Another important factor to consider is the type of team you will inherit. As a new VP of Sales, you’ll likely want (and need) to make the tough calls of adjusting roles in your sales staff, putting the right people in the right places and scaling the team in a way you know will generate maximum results.
Is the executive team and board going to truly allow you to do that? Are they reluctant to let you make these choices that will develop a strong sales team?
It is essential that you truly have a seat at the executive table so that you have the power and influence to make the decisions that are necessary for your team to reach key milestones and exceed expectations. If the executive dynamic doesn’t grant you the ability to make these important decisions, you’ll likely be relegated to little more than a figurehead.
A strong, visionary CEO is also a valuable asset, especially in the startup world. You don’t want your boss to be constantly changing his/her mind because of the latest news article, SaaS trend, a question from the board or misinterpretation of your marketplace.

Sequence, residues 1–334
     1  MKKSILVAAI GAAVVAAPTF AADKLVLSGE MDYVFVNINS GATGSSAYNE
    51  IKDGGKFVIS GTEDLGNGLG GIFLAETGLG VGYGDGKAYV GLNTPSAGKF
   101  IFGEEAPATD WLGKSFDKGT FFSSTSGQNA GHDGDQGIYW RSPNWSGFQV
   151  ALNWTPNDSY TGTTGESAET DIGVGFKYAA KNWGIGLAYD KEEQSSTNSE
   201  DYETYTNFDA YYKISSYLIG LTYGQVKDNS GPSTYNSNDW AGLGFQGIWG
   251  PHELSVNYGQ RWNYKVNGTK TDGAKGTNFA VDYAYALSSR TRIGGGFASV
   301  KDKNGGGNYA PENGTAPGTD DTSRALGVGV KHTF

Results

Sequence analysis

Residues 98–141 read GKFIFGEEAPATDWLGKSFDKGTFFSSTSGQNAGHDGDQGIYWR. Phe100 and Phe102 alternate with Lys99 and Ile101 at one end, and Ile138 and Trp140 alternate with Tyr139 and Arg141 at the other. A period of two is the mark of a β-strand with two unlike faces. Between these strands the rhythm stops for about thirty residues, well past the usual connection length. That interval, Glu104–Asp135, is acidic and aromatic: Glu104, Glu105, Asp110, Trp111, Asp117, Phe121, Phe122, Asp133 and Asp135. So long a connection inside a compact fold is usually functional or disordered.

A CEO who is strong enough to carefully analyze pros and cons before changing course can make it much easier for you to achieve stability and growth; a CEO who bends with every shift in the breeze will only cause disruptions and monumental errors.
3) Be honest… does the product/service get you up in the morning?
Gut-check time: do you really care about what the company is trying to sell?
The simple truth is that in most cases, it doesn’t matter what sort of great equity and compensation options you receive, or whether you inherit a quality team—if you don’t care about the product or service, you probably won’t have the gumption you need to truly succeed or the ability to genuinely inspire the team.